"Flash" Writers, Teddy Sears Race Down Burning Questions From "Flash of Two Worlds"
A lot of people don’t seem to know about CMX manga. It is a very strange little imprint of DC Comics (it is considered part of “Wildstorm” even though you wouldn’t even guess that unless you examined the copyright info in the back of a CMX manga).
For a large number of manga fans, CMX is best known for one of the biggest mistakes a U.S. publisher has ever made with a beloved title — that being the publisher’s edits of the raunchy & violent title Tenjho Tenge into “pg-13″ respectability. CMX appears to have learned from that very early mistake but there are some fans that will never forgive them for mangling that title so badly from the get-go.
I am very clearly not one of those fans.
Let’s face it….CMX does a lot of strange things. I think its editing choices with TenTen (which they clearly *learned* from) aren’t even its top ten of truly bizarre decisions. And by “strange” I don’t mean “bad” but actually “wonderful yet exempt from what we humans call earth logic.”
Case in point. From Eroica With Love.
Who else would bring us 1970’s shojo manga about an uptight German intelligence officer and the gay British art thief who loves (and therefore delights in torturing) him?
No one, that’s who!
I’ve already named CMX’s SWAN one of the top five shojo manga currently being published in the states, but to be honest, From Eroica with Love owns a corner of my heart no other shojo manga ever will. It is both unbelievably insane and at times surprisingly suspenseful. It is a laugh-out-loud parody of James Bond that can also make you anxious for the safety & well-being of its characters. One the one hand, we have the flamboyant aesthete, Earl Dorian Red Gloria, with flowing, golden tresses who has a thief’s sense of morality and goes by the name “Eroica” when he steals works of art. (And whose character design is apparently based on Robert Plant from Led Zepplin, dating this as the most 1970’s manga ever made. According to me). Then, on the other hand we have the rigid NATO officer Klaus Heinz von dem Eberbach, who inspires such fear in the international intelligence community he is nicknamed “Iron Klaus.” Klaus is beyond stereotypically German — he works his underlings beyond human comprehension (26 men all given an alphabet codename, A, B, C, all the way down to the delicious Z.), has no sense of humor and lives for the mission and nothing else.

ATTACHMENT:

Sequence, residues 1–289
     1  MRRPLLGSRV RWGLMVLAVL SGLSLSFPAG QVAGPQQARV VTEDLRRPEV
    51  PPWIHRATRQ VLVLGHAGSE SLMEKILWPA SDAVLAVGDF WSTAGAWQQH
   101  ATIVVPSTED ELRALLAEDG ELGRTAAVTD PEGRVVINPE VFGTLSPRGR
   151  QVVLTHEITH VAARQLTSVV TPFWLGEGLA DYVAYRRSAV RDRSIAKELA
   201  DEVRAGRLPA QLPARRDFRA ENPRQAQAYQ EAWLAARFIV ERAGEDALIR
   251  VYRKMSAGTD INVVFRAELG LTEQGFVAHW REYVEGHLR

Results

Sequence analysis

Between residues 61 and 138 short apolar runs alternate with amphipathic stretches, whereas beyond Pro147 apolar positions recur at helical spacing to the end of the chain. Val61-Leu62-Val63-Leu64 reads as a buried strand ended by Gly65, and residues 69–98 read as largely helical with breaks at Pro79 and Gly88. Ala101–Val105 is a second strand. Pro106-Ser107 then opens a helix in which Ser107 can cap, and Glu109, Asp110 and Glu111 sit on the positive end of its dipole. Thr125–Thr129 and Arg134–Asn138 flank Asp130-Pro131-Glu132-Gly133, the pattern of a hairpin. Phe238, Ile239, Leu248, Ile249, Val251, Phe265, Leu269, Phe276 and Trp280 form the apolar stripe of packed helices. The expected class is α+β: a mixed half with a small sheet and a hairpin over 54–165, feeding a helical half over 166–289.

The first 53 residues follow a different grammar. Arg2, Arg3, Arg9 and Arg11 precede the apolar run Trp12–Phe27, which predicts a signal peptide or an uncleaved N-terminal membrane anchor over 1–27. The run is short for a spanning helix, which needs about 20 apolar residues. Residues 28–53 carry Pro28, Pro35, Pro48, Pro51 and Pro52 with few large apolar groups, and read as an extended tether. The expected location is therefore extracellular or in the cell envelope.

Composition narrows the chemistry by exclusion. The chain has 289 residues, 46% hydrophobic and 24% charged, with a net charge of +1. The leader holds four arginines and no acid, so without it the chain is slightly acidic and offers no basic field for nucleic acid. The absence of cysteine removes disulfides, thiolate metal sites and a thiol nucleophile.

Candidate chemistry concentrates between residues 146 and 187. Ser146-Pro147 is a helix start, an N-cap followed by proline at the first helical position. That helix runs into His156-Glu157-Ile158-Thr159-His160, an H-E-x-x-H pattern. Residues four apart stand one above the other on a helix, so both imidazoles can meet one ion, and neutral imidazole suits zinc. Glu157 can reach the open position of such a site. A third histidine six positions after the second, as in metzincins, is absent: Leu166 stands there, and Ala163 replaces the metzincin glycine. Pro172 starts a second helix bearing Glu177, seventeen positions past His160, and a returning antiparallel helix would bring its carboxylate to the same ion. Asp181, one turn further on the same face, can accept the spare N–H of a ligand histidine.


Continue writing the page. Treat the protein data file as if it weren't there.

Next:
There is a formula to the title — Eroica somehow gets into Klaus’s business, and they must work together to 1) save each other, and then 2) save some some precious piece of intelligence that is often 3) lodged in some priceless work of art while 4) Eroica hits on Klaus and is 5) very forcefully rebuffed and 6) the Russians and / or Klaus’s men and / or Eroica’s men run around screwing things up. Sometimes to mix things up someone is kidnapped and/or taken hostage on transportation of some kind (Trains, planes, and yes, even on boats at times.) During the breaks between the crazy missions we get glimpses into Eroica’s and Klaus’s odd home-lives and everyday routines.
It should be noted that this formula doesn’t click in place until the second half of the first volume, basically once Iron Klaus shows up. Before that the immoral and hedonistic Dorian takes center stage and it really doesn’t work until his equal in intelligence and sheer insanity enters the scene (this is simply to warn folks that if you pick up the first volume you have to be very, very kind to the mistakes the mangaka makes in the first chapters — she self-corrects and then brilliantly brings the title into focus by creating Klaus and springing him on the unsuspecting Dorian).